Photos: Antigua’s Alfombras, the Beautiful Sacred Carpets of Semana Santa

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Photos: Antigua's Alfombras, the Sacred Carpets of Semana Santa

No one celebrates Easter quite like they do in Antigua. For the month of Lent, processions march through the streets each Sunday, carrying massive platform with statues of Christ and the Virgin Mary. But the real fun begins the Sunday before Easter, when local families and business begin creating alfombras, intricate carpets made out of dyed sawdust, grass, flowers and vegetables. It’s an incredible (and fleeting) sight.

 

Photos: Antigua's Alfombras, the Sacred Carpets of Semana Santa
For days and days, people are busy dyeing sawdust — first it’s run through a screen to weed out the rough bits. Then small bags of dye are added and it’s stirred by hand. The color is adjusted as needed and this takes some skill — a seemingly green dye was added to a fresh batch and the mixer explained that the final product would be purple. I was doubtful but he proved right in the end.

 

Photos: Antigua's Alfombras, the Sacred Carpets of Semana Santa

The majority of alfombras are created with the use of intricately-carved plywood stencils. I asked the manager of my hotel, Yellow House, whether these were traditional patterns passed down through the family or if each alfombra was different. She explained that they save the stencils each year but that each carpet is unique, mixing and matching designs from the past or being created entirely from scratch.

I do have to give a hearty recommendation for Yellow House in Antigua — I stayed there two weeks over two visits and found it to be the friendliest, cleanest place I stayed in all of Guatemala. The free breakfast was great, showers hot (without being deadly) and the patio had a view of all the volcanos. [Full disclosure -- they did trade me three nights stay for a mention, but I wouldn't have stayed there 2 weeks if I didn't think it was a good value.] I can’t wait to go back.

 

Photos: Antigua's Alfombras, the Sacred Carpets of Semana Santa

The amount of detail that people managed to coax from sawdust and sand was stunning. I especially like the one with tiny penitents carrying an anda (wooden platform) and about to walk across an alfrombra of their own.

And that’s their fate — these beautiful, amazingly-detailed carpets have life spans of just a few hours. After being finished, cared for and admired by the crowds, they will soon be trod upon by a procession of thousands of worshipers.

 

Photos: Antigua's Alfombras, the Sacred Carpets of Semana Santa

Photos: Antigua's Alfombras, the Sacred Carpets of Semana Santa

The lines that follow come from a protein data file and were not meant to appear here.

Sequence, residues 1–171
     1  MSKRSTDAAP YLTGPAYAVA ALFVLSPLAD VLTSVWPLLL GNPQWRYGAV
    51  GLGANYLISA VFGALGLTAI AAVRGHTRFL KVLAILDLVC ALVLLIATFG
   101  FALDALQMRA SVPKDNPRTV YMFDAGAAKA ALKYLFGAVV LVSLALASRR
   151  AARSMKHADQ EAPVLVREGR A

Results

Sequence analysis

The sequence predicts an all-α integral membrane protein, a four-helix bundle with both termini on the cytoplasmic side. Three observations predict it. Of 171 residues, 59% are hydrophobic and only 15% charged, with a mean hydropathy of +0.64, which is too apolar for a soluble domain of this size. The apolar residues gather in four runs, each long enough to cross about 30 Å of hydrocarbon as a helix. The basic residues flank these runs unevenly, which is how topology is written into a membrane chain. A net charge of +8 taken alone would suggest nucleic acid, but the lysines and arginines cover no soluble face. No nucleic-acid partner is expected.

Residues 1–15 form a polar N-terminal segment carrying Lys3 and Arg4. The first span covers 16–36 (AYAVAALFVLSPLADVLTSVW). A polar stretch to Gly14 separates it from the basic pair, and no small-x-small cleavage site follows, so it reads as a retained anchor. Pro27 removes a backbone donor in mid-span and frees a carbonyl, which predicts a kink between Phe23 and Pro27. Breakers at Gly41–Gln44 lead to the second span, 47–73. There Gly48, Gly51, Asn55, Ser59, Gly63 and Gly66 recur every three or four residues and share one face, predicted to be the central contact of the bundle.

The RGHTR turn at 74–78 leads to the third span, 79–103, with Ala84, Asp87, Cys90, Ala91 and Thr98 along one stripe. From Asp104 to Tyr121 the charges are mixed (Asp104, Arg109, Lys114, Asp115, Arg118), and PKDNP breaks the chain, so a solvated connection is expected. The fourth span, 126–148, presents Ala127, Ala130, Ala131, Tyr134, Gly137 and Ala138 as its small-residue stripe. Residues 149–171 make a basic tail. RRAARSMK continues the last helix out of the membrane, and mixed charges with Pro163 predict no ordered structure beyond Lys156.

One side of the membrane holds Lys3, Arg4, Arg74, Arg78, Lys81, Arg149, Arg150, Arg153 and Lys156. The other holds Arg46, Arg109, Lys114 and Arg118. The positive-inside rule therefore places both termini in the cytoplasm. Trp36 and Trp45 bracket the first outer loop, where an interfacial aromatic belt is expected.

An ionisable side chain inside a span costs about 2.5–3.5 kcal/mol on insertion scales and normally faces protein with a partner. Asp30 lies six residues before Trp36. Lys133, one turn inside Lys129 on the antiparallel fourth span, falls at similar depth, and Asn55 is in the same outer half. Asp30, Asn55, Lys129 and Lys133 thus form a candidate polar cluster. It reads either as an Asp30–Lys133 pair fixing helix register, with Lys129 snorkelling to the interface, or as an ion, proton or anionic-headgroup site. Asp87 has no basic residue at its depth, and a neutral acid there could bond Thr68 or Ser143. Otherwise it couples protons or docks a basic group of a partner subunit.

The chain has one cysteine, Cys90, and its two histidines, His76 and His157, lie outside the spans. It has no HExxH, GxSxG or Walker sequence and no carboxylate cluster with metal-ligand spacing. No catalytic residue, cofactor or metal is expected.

Sawdust wasn’t the only material of choice, however. Many alfrombas were created from large blankets of grass, covered in flowers, fruits and other natural goodies. Some of the most popular carpets, judging from the huge crowds that hovered nearby, where made entirely of fruits and vegetables. The one you see here was at least 50 feet long and 10 feet wide — 500 square feet of fresh produce, stacked high and awaiting destruction.

 

Photos: Antigua's Alfombras, the Sacred Carpets of Semana Santa

Photos: Antigua's Alfombras, the Sacred Carpets of Semana Santa

This goes on for days and most groups will build several alfrombas over the course of the week. But the big night is the Thursday before Good Friday, when everyone stays up most of the night to assemble the most intricate, flamboyant carpets you can imagine. They race through the night to finish their creations before the procession rolls through in the early morning and destroys it all. Thankfully, the hotel provided snacks, coffee and rum to keep us going through the night.

Photos: Antigua's Alfombras, the Sacred Carpets of Semana Santa

Photos: Antigua's Alfombras, the Sacred Carpets of Semana Santa

Photos: Antigua's Alfombras, the Sacred Carpets of Semana Santa

And when the procession rolls through, you’d best step away. Thousands of hooded penitents roam the street with 80 of them carrying a 5,000 pound anda, moving lock-step through the cobblestone streets. A band follows close behind and more thousands of pilgrims, penitents, families and tourists follow in their wake. It’s a wave of humanity.

 

Photos: Antigua's Alfombras, the Sacred Carpets of Semana Santa

And after they’ve all passed by, a small crew of men scrape up the remains and shovel them into a small bulldozer that follows the procession. Within moments, the street is clean with only a few splashes of colorful dye showing that anything happened here at all.